Americans are following the career of Ian McShane in reverse order. Despite working on a lot of American 1980s television shows such as Magnum P.I and Miami Vice, the 54-year-old British actor was a virtual unknown in this country before the release of Deadwood. Sure, some die-hard cinephiles probably noticed him in a memorable but small part in the highly underrated 2001 release, Sexy Beast. Some older television watchers might even remember him as the regal young man who swept Diane Ladd off her feet in the 1983 teleplay, The Grace Kelly Story. Those who are unfamiliar with the any of the above or his work as Prince Ranier of Monaco in the Grace Kelly authorized biography (sadly) would have known McShane best for his role as a villain in Agent Cody Banks. Sickening, innit?
Lovejoy - The First Season DVD Review
By David Mumpower
June 5, 2007
Deadwood changed all of that. A man who had over 80 movie and television credits prior to that production suddenly became an overnight sensation in the United States. McShane's work as the inscrutable, occasional villainous but eventually redeemed Al Swearengen earned him a Golden Globe for Best Performance by an Actor in a Television Series. Since the first airing of Deadwood in 2004, McShane has become one of the most popular character actors in the industry, earning strong reviews for his work in such divergent titles as We Are Marshall and Scoop. His gravelly, weathered voice has even made him a friend of DreamWorks. He voices Captain Hook in their current $250 million blockbuster, Shrek the Third, and he has already done further voice acting for two of their upcoming releases, Kung Fu Panda and Madagascar 2. McShane also provides the voice of armor-clad bear warrior Ragnar Sturlusson in the most anticipated movie of the 2007 holiday season, His Dark Materials: The Golden Compass. McShane has gone from being a bit player on American television into one of the most accredited actors of our era.
Given all of the recent attention on his career, BBC America has finally provided potential DVD customers with the opportunity to watch McShane in the role which made him a star in his native England. The role as well as the show is entitled Lovejoy. Long time viewers of PBS as well as BBC America know McShane's pet project to be one of the most engaging in television history.
The genesis of Lovejoy is unique in the annals of BBC television. As the actor explains in a brief interview on disc three of the Lovejoy – The First Season box set, a fan gave McShane one of the picaresque Lovejoy novels written by Jonathan Gash. The person had correctly deduced that this well-intended rogue would be the perfect morally complex, tarnished yet heroic character for a thespian of McShane's caliber to portray. McShane was so drawn to the role that getting it made became his top priority. He assembled a staff of producers, writers and actors before even exploring the idea of televising it with the BBC.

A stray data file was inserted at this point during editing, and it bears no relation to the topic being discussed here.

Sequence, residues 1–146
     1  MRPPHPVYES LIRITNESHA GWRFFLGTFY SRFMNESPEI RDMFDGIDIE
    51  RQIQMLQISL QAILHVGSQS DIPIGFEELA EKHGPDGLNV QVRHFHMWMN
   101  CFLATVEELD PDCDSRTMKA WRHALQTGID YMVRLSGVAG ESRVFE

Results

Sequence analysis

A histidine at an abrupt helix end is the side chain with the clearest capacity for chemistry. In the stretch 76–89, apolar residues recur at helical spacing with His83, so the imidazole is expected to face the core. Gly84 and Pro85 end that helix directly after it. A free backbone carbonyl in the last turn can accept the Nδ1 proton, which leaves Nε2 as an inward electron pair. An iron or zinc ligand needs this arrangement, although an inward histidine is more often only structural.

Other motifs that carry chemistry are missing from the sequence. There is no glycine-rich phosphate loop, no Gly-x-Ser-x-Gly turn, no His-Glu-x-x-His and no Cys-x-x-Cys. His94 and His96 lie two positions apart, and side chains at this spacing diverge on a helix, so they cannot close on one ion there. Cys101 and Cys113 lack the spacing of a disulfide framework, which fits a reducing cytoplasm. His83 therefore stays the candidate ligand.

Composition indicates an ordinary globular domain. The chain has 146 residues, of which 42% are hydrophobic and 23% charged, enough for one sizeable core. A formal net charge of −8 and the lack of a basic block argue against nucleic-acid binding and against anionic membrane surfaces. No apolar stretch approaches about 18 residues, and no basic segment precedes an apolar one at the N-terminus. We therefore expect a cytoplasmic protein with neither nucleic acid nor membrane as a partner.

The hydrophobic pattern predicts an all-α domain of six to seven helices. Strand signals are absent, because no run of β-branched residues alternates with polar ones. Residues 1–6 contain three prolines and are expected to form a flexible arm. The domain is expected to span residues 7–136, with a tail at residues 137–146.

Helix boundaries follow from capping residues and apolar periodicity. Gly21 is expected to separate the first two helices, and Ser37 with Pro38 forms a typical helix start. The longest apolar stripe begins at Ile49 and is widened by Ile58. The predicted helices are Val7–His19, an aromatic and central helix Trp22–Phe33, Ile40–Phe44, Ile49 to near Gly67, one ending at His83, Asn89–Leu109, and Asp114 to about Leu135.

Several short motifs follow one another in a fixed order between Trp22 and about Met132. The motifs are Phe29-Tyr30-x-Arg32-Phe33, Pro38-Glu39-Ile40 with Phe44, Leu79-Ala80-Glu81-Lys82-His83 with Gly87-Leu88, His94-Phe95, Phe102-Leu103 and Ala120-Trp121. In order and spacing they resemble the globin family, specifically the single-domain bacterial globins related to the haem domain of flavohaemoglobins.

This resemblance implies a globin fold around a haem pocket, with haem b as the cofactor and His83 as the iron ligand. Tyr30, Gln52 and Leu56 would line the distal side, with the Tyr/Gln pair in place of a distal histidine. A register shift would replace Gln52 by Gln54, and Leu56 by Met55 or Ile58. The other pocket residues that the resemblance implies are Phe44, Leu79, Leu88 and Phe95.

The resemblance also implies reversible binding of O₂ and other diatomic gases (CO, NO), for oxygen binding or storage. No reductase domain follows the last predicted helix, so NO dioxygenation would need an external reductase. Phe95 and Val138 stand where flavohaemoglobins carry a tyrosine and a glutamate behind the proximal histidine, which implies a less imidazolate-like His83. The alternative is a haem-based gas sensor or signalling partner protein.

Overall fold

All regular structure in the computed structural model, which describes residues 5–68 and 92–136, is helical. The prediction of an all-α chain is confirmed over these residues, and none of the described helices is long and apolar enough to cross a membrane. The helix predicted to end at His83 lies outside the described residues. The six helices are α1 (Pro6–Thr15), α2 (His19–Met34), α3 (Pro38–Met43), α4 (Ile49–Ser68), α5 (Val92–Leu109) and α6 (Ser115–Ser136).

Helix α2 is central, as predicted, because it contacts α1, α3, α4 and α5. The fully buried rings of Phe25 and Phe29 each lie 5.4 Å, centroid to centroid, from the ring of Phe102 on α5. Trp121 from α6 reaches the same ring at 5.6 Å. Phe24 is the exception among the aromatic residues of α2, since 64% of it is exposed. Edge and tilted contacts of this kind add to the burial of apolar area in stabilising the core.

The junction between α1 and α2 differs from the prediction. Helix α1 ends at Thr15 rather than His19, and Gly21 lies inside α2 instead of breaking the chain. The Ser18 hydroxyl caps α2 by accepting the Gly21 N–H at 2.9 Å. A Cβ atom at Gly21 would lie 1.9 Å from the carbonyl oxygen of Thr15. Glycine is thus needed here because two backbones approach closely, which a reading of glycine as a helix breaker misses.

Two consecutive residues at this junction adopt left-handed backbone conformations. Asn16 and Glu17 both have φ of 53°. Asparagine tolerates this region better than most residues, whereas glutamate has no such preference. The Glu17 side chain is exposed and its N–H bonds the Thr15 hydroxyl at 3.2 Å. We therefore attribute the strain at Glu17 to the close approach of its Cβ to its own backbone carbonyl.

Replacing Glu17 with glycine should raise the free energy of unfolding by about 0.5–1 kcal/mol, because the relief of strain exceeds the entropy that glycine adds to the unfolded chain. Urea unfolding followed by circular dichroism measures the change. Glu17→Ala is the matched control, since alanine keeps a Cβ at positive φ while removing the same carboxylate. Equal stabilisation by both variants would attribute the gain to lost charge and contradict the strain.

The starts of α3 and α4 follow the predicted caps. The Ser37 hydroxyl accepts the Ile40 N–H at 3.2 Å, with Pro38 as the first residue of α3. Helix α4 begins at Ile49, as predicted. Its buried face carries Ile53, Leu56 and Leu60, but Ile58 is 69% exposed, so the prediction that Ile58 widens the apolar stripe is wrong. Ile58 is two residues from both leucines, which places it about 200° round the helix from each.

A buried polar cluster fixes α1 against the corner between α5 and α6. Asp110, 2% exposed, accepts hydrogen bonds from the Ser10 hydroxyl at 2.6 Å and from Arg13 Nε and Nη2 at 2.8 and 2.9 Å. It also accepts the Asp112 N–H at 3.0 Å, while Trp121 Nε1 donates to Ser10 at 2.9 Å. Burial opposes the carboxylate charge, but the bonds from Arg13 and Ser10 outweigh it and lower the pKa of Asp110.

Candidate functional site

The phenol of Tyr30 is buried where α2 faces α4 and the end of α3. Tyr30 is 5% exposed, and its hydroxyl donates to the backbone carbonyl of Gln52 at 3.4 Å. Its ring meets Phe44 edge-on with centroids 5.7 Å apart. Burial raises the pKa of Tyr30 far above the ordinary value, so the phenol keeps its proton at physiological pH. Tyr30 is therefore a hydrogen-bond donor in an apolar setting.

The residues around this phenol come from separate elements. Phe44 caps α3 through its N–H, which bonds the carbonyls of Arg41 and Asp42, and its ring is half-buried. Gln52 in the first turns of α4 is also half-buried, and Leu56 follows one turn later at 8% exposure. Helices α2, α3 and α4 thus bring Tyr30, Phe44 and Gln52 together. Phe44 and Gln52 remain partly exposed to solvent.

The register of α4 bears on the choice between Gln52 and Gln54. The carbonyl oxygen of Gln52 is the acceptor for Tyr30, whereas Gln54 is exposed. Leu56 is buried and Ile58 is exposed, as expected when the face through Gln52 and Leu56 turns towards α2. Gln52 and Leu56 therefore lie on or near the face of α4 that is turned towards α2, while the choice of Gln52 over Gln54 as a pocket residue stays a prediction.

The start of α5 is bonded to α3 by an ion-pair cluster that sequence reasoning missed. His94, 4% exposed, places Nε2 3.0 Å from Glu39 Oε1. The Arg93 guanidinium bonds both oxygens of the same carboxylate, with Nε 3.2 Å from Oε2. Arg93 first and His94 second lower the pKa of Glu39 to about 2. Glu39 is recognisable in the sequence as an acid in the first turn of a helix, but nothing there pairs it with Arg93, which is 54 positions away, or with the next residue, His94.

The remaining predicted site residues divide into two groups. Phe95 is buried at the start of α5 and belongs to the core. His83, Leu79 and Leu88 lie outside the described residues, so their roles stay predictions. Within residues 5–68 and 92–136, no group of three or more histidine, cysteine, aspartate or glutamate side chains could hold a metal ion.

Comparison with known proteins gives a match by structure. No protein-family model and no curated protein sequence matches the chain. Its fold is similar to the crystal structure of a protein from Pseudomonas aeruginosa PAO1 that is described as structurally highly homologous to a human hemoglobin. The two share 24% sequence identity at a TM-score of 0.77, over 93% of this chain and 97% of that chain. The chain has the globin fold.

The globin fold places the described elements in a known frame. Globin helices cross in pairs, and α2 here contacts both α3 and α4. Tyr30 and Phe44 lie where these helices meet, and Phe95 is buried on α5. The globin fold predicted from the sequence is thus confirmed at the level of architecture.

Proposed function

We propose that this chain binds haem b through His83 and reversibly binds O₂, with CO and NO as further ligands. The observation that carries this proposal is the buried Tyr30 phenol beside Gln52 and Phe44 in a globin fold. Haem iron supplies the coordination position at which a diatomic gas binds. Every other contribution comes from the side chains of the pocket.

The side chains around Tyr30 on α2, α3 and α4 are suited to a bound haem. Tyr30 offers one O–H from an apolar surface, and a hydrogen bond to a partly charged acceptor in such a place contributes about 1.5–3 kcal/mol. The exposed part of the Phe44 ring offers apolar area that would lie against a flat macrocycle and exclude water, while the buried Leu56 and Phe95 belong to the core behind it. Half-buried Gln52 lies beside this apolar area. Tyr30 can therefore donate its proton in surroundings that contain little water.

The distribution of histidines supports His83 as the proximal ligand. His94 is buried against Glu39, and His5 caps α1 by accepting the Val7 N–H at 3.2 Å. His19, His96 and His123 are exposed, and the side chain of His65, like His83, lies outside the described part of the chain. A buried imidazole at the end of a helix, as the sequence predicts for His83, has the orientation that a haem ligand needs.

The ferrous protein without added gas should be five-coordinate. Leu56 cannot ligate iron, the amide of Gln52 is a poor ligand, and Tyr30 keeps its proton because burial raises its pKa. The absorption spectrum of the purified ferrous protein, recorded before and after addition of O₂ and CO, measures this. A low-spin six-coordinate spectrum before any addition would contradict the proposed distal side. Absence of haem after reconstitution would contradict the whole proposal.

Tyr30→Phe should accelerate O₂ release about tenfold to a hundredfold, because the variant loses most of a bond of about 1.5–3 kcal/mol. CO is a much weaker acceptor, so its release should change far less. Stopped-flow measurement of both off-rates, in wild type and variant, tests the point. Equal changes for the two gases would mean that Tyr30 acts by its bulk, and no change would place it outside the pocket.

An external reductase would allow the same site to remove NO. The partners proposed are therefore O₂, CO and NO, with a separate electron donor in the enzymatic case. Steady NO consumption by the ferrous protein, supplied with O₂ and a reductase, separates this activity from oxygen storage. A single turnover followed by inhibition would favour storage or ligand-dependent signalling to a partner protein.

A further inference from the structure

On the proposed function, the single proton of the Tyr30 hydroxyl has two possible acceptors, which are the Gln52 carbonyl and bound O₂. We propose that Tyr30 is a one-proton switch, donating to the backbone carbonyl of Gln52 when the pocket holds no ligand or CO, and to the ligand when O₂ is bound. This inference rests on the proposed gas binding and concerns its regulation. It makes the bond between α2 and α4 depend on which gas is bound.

Once England's monopolistic network was given the show's bible describing McShane's artistic vision for the adaptation, they agreed to air a ten episode series. In that moment, Lovejoy became the first independent television series in BBC history, making it a model for a large percentage of the broadcast behavior the network airs today. So strange was this type of production at the time that almost five years passed before the BBC agreed to air a second season, something they eventually did while somehow managing to reunite the entirety of the cast from season one - this unique television model for resuscitation from the dead should return a tiny modicum of hope to fans of currently canceled television shows such as Veronica Mars, Jericho and Firefly.
For those of you who have never watched Lovejoy on PBS or BBC America, the story is most aptly described as being the genesis for PBS's Antiques Roadshow...but with crime solving thrown in for good measure. McShane portrays the titular Lovejoy, a man obsessed with all things beautiful. Though largely financial strapped, the antiques dealer scours the land in search of undiscovered, undervalued treasures which he may make his own. Along the way, he also has a tendency to focus upon the other vast beauty that matters, hot women. In between the treasure hunting and womanizing, Lovejoy also somehow finds the time to solve mysteries in his spare time. He is considered nothing short of a savant with regards to his ability to determine items of true value from those best described as pyrite, forgeries or overestimated works lacking in real financial value. Whenever the antiques dealer sees an artifact worthy of purchase, it's a safe bet that an appraiser will soon offer a lot of money for said antiquity.